OS-RAM and Optical Disk

RAM DISKS:

A RAM disk is a disk device simulated in conventional random access memory. It completely eliminates delays suffered in conventional disks because of the mechanical motions inherent in seeks and in spinning a disks. RAM disks are especially useful in high-performance applications.

Caching incurs a certain amount of CPU overhead in maintaining the contents of the cache and in searching for data in the cache before attempting to read the data from disk. If the record reference patterns is not seen in the cache, then the disk cache hit ratio will be small and the CPU’s efforts in managing the cache will be waster, possibly resulting in poor performance.

RAM disks are much faster than conventional disks because they involve no mechanical motion. They are separate from main memory so they do not occupy space needed by the operating system or applications. Reference times to individual data items are uniform rather than widely variable as with conventional disks.

RAM disks are much more expensive than regular disks. Most forms of RAM in use today are volatile ie., they lose their contents when power is turned off or when the power supply is interrupted. Thus RAM disk users should perform frequent backups to conventional disks. As memory prices continue decreasing, and as capacities continue increasing it is anticipated that RAM disks will become increasingly popular.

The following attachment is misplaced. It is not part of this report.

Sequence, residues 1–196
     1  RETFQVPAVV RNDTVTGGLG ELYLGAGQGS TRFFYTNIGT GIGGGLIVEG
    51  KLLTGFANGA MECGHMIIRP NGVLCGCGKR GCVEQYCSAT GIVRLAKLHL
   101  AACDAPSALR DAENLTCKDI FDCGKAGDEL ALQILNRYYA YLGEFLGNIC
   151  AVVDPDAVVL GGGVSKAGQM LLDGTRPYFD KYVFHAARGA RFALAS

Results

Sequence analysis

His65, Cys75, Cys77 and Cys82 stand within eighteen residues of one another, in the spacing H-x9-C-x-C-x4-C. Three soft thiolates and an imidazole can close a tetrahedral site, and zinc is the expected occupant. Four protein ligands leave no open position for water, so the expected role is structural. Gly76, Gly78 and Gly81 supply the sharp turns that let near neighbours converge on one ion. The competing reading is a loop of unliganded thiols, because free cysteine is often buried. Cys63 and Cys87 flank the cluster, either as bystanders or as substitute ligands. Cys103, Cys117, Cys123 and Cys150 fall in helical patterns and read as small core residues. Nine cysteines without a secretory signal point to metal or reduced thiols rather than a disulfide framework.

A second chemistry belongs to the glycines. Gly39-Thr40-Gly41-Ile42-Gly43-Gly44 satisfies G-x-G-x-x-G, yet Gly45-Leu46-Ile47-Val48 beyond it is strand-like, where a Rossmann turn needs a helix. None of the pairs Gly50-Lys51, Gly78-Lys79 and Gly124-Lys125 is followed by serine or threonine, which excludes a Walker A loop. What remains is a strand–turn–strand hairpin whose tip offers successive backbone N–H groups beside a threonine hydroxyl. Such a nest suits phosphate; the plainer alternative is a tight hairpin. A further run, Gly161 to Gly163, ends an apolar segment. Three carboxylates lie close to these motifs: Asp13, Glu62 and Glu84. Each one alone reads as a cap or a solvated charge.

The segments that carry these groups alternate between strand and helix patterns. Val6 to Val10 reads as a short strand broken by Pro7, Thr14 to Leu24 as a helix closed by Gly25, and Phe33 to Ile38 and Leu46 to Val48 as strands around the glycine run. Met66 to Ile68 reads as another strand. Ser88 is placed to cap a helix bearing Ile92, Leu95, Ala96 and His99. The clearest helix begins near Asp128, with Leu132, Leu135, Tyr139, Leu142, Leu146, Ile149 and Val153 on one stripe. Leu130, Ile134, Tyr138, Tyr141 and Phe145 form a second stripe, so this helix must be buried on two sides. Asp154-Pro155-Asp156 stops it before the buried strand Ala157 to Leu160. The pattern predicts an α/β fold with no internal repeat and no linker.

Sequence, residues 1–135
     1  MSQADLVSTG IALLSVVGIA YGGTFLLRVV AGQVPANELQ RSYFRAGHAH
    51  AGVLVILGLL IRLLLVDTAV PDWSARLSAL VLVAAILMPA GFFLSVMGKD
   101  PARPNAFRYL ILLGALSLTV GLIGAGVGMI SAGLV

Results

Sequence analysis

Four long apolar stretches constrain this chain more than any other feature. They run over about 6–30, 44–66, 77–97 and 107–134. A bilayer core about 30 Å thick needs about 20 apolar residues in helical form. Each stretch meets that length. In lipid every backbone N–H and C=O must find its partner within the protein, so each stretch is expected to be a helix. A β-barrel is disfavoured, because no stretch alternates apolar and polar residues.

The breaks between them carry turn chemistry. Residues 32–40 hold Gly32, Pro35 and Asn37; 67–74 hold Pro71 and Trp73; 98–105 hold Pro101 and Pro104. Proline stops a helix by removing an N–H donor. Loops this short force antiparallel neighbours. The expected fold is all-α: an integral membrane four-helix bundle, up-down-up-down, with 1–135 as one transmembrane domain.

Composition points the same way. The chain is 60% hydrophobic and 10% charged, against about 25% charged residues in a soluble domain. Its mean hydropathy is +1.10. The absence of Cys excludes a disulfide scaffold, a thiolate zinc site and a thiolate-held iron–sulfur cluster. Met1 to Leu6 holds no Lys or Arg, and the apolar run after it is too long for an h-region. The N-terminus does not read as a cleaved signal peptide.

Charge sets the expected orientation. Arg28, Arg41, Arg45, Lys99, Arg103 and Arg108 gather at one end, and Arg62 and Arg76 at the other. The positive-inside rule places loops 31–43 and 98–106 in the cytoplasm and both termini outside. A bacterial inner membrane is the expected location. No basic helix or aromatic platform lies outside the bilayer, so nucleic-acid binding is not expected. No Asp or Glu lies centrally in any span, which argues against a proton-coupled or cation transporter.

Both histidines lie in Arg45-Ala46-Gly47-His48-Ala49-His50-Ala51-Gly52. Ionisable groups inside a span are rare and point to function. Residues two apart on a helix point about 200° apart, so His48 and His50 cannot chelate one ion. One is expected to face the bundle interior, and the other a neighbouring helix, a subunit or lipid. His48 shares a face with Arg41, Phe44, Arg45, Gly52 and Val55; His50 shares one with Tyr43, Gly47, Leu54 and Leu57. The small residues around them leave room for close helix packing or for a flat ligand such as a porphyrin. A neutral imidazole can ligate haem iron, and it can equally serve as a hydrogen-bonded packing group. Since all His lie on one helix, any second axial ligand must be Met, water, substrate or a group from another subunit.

OPTICAL DISKS:

Various recording techniques are used. In one technique, intense laser heat is used to burn microscopic holes in a metal coating. In another technique, the laser heat causes raised blisters on the surface. In a third technique, the reflectivity of the surface is altered.

The first optical disks were write-once-read-many(WORM) devices. This is not useful for applications that require regular updating. Several rewritable optical disk products have appeared on the market recently. Each person could have a disk with the sum total of human knowledge and this disk could be updated regularly. Some estimates of capacities are so huge that researchers feel it will be possible to store 10^21 bits on a single optical disk.
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